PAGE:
I’ve been happily retired for a year and a half now, with no plans to go back to teaching, but somehow this September I ended up back in the classroom at my old school, for a three month substitute job. When the offer came up I thought a lot about it and decided in the end that I was called to do this. I knew just what was expected and knew the people I would be working with – plus I knew it had a clear end date.
The disciples whom Jesus called by the Sea of Galilee didn’t know any of those things: what they were being asked to do, how long it would last, or even what the mission was. So I try to imagine how they ended up accepting Jesus’ call.
Jesus was the new guy in town – he had come down from Nazareth, in the hill country, to the shores of Galilee. He didn’t know these guys, so why did he choose them? Did he look at them working on their boats and think, well, these look like hard-working fishermen, so they’d probably be good helpers? Or did he think – and I kind of like this idea – as they’re sitting around mending nets, these guys don’t look like they’re doing much, I’ve got a real job for them?
And why did these men – Peter and Andrew, James and John – decide to pick up and follow Jesus? They don’t know him. Maybe they’d heard there was a new wandering prophet in town. But when Jesus says, “I will make you fish for people,” what does that even mean?
In retrospect, now, the statement makes sense to us, because we know the whole story. But what could they have been thinking? As I imagine the scene, I picture one of them looking at the other, not saying anything. The other one looks back, maybe shrugs and grins. There’s an unspoken agreement, “Well, what the heck, there’s not a whole lot happening here, why not check it out?” And maybe one of them turns to a boy nearby and says, “Watch our nets for a while – we’ll be back.”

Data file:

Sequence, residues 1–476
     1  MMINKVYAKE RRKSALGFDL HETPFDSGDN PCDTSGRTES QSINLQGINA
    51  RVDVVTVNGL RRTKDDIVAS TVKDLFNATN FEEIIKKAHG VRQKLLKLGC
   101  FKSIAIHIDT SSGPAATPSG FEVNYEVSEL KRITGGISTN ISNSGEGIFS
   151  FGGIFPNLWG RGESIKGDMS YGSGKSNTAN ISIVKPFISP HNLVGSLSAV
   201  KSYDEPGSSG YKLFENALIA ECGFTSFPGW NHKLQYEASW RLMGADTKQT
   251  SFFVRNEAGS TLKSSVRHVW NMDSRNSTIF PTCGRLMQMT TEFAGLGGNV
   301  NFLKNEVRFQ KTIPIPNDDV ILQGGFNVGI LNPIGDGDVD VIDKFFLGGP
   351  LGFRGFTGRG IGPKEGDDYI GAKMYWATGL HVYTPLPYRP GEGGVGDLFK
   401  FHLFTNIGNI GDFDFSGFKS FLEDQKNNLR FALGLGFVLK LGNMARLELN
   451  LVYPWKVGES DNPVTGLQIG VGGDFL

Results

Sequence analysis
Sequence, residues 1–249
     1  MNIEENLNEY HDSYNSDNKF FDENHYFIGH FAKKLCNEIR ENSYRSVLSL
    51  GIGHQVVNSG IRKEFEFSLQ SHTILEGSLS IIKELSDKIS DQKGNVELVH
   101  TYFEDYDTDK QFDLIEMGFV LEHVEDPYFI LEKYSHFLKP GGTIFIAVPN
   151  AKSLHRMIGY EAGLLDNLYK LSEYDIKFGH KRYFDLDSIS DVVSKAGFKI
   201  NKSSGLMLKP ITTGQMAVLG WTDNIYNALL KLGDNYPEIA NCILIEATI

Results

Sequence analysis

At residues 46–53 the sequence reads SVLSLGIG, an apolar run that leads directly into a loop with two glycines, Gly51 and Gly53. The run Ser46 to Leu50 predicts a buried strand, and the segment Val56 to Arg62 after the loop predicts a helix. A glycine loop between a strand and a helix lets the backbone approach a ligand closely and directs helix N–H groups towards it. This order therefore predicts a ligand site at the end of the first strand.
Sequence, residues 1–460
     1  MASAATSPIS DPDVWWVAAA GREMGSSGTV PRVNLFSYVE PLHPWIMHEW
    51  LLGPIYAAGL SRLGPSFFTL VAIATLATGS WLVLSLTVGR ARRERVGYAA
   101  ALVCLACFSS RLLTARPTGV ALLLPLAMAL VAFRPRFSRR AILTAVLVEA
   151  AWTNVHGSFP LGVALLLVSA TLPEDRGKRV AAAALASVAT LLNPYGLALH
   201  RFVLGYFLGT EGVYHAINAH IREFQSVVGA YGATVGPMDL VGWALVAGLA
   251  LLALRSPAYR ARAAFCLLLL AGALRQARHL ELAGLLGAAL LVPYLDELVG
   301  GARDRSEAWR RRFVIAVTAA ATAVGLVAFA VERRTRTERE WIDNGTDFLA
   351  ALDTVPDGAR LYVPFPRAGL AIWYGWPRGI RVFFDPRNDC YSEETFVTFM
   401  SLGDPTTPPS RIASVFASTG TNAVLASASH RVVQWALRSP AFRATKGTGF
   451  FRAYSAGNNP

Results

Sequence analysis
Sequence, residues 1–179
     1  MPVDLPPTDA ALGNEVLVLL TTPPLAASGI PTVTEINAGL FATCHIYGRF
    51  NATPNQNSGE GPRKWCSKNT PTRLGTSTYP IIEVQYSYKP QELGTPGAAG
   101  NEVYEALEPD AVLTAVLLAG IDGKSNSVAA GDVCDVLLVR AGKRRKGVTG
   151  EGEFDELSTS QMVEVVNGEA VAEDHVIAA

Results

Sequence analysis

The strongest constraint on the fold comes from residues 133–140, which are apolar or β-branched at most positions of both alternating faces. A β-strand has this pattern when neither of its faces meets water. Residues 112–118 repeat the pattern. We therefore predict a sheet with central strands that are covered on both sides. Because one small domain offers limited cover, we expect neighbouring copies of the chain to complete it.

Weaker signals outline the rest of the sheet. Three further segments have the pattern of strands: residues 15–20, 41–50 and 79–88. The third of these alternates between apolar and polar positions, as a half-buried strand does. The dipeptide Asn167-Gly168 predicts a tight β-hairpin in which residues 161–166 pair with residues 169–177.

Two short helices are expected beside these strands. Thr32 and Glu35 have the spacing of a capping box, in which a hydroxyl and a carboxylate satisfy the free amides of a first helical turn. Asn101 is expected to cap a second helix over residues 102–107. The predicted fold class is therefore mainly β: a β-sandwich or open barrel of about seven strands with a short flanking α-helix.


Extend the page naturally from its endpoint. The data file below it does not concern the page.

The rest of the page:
Notice what’s happened: they had no idea what they’re being called to do, or how they’re going to do it, or where they’re going to go, or even what the goal is.
Why do they do this? There must have been some sense of trust in Jesus – the way he looked, how he spoke, maybe what little they’d heard about him. And then they had one another. You know how it is when you’re with friends or family and someone suggests doing something, and you say, “Well, I’m in if you are.” Also, there’s the very human sense of curiosity and adventure, the desire to try new things.
I think this is a good example of how God’s call actually works. It would be nice to think that God’s call to us would be obvious, like the blast of a loudspeaker, “Attention! I’m talking to you.”